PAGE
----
I recently attended the annual Tes FE Awards. I, like many other attendees, looked at the winners on stage, as they took their picture to celebrate and capture well-deserved accomplishments, achievements and aspirations. It was an incredible moment, worthy of photographing.
But in the midst of all the glitz, glamour and glory, I could not help but feel slightly isolated. I looked across the length of the stage and realised that not one of the beaming faces looked like me. Not a single person posing picture-perfect reflected my ethnic identity.
I don’t think this was premeditated, but I still found it disconcerting, as inclusivity in FE is a huge deal. The sector serves a vast array of people with different experiences, backgrounds and origins, be it staff or students. The lack of multiculturalism representing the various FE providers nationally made me question the progress that I thought FE had made in regards to widening the participation of black, Asian and minority-ethnic (BAME) staff.
The Education and Training Foundation’s (ETF) 2015 workforce data highlights where the sector stands on ethnic diversity. Nationally, only 4 per cent of staff are of Asian descent and 3.5 per cent are of African/Caribbean origin. These figures are slightly lower for senior managers, with 2.5 per cent of those in leadership positions originating from a minority background. Further statistics from the workforce data show that 8.2 per cent of FE learners are of Asian origin and 6.4 per cent are African/Caribbean.
Sadly these statistics show discrepancies between the make-up of the FE workforce and the ethnic profile of learners.
Why should this be an area of interest to us? Well, many problems still exist around the concerns of equality and diversity for ethnic minorities. The main issue in our sector is not the equality side of inclusion. Many would agree that the general ethos of treating people equally, regardless of origin, is respected and any disregard of that is recognised as being unacceptable and intolerable antisocial behaviour. The Equality Act 2010 paved the way for this to be possible. But it is the lack of diversity that is still of major concern – it is dissimilar to treating people equally.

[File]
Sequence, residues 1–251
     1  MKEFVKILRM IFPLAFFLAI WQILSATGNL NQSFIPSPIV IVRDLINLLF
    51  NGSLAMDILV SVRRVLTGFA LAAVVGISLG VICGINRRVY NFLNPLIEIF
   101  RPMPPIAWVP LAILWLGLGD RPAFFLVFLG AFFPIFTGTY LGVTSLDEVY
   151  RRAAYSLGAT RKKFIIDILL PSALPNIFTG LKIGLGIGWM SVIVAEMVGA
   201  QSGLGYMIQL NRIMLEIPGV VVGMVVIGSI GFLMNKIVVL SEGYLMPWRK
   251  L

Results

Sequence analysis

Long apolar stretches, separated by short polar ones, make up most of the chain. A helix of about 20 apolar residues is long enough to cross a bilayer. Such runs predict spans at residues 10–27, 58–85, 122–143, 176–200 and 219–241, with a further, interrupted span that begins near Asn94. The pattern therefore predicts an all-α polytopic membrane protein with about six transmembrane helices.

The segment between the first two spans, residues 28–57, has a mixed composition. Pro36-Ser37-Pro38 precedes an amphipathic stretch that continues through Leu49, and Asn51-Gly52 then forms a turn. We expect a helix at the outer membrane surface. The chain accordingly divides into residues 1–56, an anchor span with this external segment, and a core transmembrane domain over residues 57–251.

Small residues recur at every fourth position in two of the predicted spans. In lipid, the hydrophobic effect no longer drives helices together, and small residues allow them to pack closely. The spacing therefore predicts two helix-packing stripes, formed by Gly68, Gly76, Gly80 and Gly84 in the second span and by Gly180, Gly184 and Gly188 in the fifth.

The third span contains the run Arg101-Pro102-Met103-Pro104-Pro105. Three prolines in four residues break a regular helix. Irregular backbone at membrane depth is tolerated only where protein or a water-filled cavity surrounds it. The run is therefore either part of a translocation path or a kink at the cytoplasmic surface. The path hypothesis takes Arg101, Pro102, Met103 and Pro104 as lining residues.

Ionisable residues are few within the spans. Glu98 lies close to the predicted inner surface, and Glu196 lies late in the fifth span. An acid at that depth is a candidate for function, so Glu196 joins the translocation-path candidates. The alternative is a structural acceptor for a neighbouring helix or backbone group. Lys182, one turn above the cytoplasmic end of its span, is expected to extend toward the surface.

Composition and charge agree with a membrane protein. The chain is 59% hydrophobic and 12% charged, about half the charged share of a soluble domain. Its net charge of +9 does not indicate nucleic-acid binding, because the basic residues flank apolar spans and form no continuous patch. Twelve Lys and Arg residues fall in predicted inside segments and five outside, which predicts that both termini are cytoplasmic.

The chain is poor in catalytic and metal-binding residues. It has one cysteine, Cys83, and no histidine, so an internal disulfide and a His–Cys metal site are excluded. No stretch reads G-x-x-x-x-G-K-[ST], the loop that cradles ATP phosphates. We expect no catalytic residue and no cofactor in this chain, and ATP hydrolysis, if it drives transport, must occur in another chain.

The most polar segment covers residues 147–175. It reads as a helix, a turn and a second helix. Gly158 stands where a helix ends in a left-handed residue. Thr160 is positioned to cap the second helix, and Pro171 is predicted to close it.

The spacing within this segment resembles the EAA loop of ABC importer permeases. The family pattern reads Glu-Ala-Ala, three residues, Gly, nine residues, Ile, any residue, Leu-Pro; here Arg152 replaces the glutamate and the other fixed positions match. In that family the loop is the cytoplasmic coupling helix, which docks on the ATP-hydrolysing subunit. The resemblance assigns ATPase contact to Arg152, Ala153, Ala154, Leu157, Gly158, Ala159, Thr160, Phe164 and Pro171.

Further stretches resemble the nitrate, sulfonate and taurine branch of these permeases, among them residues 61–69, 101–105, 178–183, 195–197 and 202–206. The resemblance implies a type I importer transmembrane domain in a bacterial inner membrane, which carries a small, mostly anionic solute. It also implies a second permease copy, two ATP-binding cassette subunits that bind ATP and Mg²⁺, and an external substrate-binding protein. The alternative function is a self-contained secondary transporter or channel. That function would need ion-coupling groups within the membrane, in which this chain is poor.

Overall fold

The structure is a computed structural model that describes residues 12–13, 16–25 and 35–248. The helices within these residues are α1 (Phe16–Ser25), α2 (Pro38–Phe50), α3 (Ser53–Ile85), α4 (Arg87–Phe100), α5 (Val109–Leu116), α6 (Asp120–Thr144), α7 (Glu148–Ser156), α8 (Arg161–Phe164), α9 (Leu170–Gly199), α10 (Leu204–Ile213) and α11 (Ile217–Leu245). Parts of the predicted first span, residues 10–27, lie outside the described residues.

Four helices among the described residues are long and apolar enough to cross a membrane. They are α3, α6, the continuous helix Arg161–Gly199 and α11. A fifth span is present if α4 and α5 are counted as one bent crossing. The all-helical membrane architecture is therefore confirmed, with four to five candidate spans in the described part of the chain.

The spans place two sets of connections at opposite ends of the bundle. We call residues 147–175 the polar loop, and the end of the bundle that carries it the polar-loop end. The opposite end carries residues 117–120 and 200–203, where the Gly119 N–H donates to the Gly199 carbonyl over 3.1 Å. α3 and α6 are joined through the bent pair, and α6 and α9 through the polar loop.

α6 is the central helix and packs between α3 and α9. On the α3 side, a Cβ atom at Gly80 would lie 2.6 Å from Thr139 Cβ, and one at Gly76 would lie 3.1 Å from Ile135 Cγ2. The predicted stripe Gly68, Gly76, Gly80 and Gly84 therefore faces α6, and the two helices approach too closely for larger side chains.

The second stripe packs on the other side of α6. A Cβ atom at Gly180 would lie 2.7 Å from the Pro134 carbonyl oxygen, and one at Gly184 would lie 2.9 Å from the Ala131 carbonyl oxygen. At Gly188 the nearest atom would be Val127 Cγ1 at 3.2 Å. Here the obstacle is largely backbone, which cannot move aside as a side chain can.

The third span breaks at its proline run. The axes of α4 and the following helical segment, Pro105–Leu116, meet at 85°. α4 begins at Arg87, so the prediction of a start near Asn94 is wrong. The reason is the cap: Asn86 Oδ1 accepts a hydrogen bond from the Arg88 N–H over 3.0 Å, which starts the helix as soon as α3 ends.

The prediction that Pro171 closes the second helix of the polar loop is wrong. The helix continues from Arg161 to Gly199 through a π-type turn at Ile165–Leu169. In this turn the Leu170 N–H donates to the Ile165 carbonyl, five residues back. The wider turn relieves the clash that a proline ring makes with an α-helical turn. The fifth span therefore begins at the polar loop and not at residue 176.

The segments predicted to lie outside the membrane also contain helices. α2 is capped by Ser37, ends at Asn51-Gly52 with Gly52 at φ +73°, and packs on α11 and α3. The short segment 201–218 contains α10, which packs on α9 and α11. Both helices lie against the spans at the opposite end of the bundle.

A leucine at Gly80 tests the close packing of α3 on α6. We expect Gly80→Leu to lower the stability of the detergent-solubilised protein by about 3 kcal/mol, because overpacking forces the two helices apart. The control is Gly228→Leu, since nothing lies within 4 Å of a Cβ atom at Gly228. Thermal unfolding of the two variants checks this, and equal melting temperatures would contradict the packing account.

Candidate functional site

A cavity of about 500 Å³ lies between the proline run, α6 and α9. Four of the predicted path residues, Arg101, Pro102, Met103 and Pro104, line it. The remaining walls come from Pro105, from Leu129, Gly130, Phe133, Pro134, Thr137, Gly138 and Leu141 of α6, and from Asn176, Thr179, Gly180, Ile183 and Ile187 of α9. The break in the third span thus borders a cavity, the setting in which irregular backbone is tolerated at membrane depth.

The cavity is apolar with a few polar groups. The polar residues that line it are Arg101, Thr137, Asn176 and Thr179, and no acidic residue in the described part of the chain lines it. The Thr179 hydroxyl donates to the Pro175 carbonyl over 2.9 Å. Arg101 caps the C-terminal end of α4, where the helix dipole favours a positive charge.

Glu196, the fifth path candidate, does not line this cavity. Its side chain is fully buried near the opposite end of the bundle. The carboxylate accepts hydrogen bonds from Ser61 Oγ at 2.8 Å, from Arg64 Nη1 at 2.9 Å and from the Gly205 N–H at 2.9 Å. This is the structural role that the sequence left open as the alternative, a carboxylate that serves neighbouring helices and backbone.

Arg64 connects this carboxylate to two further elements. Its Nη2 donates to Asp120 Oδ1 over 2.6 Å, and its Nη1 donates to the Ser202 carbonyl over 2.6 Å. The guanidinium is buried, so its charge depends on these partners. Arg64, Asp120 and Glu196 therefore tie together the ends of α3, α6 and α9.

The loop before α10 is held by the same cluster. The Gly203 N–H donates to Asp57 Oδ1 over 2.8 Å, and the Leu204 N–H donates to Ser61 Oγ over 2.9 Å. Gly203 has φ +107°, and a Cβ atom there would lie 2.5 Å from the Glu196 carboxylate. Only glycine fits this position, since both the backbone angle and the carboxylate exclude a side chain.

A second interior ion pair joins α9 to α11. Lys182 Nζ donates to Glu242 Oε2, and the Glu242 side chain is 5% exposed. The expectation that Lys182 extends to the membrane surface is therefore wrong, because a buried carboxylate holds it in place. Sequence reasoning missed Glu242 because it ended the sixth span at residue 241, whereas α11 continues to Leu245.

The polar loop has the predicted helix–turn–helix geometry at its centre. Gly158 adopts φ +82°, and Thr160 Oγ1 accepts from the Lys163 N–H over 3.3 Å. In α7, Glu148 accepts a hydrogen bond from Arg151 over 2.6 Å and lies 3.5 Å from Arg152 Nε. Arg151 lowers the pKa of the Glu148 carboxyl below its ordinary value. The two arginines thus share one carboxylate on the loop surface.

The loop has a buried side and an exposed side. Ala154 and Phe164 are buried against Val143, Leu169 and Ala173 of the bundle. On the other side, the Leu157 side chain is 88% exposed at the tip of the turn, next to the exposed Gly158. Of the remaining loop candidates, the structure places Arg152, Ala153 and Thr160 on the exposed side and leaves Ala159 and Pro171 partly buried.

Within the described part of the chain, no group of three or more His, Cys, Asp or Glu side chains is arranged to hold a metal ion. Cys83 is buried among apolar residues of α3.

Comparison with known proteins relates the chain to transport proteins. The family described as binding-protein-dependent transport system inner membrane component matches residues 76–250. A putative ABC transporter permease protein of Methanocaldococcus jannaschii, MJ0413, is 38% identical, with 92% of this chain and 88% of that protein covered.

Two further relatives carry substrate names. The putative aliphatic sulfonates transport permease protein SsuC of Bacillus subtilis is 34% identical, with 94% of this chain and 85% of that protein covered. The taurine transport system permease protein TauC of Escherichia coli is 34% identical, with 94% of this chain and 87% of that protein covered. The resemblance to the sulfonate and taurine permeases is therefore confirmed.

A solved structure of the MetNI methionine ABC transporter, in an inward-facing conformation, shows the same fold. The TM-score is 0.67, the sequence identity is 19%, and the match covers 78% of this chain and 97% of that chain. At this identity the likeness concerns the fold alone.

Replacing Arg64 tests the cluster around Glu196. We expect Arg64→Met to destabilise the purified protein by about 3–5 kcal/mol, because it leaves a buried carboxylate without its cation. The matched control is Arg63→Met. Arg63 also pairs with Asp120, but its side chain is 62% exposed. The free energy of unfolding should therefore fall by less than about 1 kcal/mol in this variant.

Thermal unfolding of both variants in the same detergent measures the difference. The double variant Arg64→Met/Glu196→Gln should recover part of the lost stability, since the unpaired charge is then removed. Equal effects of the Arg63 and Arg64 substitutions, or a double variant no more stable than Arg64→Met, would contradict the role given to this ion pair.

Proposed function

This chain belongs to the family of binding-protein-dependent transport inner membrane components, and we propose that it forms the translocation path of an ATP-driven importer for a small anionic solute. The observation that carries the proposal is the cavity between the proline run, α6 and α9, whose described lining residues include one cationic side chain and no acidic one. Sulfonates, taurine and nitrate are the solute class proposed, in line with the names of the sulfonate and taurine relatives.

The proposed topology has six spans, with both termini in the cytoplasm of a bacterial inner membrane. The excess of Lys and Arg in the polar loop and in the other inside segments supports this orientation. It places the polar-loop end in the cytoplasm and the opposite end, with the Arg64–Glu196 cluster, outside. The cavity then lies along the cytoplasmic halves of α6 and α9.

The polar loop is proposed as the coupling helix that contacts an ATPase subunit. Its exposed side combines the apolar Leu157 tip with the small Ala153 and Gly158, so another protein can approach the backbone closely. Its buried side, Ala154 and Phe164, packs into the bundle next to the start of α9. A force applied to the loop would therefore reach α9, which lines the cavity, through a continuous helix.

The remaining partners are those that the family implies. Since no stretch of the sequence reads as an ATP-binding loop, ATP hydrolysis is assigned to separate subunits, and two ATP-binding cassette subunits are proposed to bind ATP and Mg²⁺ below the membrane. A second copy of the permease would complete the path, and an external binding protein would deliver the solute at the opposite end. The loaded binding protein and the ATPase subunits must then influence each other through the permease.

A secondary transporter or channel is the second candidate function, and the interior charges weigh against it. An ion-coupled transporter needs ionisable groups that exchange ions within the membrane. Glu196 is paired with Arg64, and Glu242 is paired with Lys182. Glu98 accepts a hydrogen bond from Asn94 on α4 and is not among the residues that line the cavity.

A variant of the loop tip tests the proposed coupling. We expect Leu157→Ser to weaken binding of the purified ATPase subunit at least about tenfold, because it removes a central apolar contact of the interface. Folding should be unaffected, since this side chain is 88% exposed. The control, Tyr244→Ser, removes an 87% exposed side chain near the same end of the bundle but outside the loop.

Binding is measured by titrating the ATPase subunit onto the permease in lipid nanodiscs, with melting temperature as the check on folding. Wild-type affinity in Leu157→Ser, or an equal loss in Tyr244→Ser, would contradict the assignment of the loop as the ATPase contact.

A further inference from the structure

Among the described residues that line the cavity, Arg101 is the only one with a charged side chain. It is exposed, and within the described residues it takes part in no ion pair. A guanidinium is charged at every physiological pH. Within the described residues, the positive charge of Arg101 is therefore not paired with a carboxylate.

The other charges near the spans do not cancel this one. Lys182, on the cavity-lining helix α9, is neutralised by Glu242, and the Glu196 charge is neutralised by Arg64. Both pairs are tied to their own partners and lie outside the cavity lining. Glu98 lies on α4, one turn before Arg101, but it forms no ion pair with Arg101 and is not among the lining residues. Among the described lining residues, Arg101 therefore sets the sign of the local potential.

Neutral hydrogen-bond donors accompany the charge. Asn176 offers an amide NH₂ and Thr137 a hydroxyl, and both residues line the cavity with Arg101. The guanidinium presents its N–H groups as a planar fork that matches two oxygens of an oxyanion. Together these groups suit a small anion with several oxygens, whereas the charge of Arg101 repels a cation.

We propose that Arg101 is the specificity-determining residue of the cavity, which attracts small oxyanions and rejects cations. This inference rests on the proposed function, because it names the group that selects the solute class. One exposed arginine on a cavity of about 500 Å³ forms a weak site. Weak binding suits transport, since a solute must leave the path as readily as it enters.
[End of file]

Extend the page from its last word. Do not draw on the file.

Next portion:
As a black British woman enjoying a rewarding and satisfying career in the FE sector, I have experienced occasions where opportunities have appeared inaccessible through the lack of diversity. I can recall numerous occasions where I have attended a job interview only to find the panel in no way reflected my ethnic persuasion. This led to feelings of isolation and exclusion.
Equal but not diverse
I can also bring to mind the various times I have attended FE teaching, learning and good-practice conferences at which none of the keynote speakers came from a non-white British background. The events told me that there are still many hurdles to climb and conversations worth having to ensure minorities can participate.
Both of these experiences inadvertently gave out the message that, in the midst of extensive planning and preparation, there is an absence of forethought on the importance of multiculturalism and making such roles accessible to ambitious potential participants.
It has not all been doom and gloom. I remember sitting in front of the interview panel for my current role and feeling dignified that there had been some planning to ensure that someone with a similar background was represented on the panel. Of the many interviews that I had attended in FE, this experience was a rarity.
The FE sector has yet to ensure that its staff are represented proportionately at all levels. The sector employs many ambitious staff from the most marginalised ethnic communities; many have ambitions to become senior managers, transformational leaders of innovation, public speakers and educational researchers. This needs to be evidenced proportionately through people who currently lead the sector.
I would like to see FE providers and organisations do more to engage people from typically disadvantaged ethnicities. There are a whole host of ways and attitudes that need to change for things to be drastically improved.
Overcoming systemic bias
Firstly, the sector should remove the unconscious white-British bias and become more comfortable working with people who do not mirror the majority ethnicity. Organisations and professional bodies can lead on this by making a conscious effort to ensure their columns, blogs, training events, conferences, public image and celebratory activities are well represented with the experience and contributions that reflect the identities in modern Britain. FE providers could do well to ensure that they make use of the full array of cultures within their organisation to represent them during external events and visits or internal events such as employment interviews.
I also think organisations and professional bodies need to continue to provide a platform for issues around inclusivity and diversity to be securely raised, listened to and addressed. Only then will ethnicity gaps be filled and unintentional systematic disadvantages be acknowledged and replaced. The sector could then, in turn, thrive by benefiting from inclusivity, collectiveness and diversity.
Patrice Miller is a specialist English teacher at Ealing, Hammersmith and West London College. She tweets @patricemiller_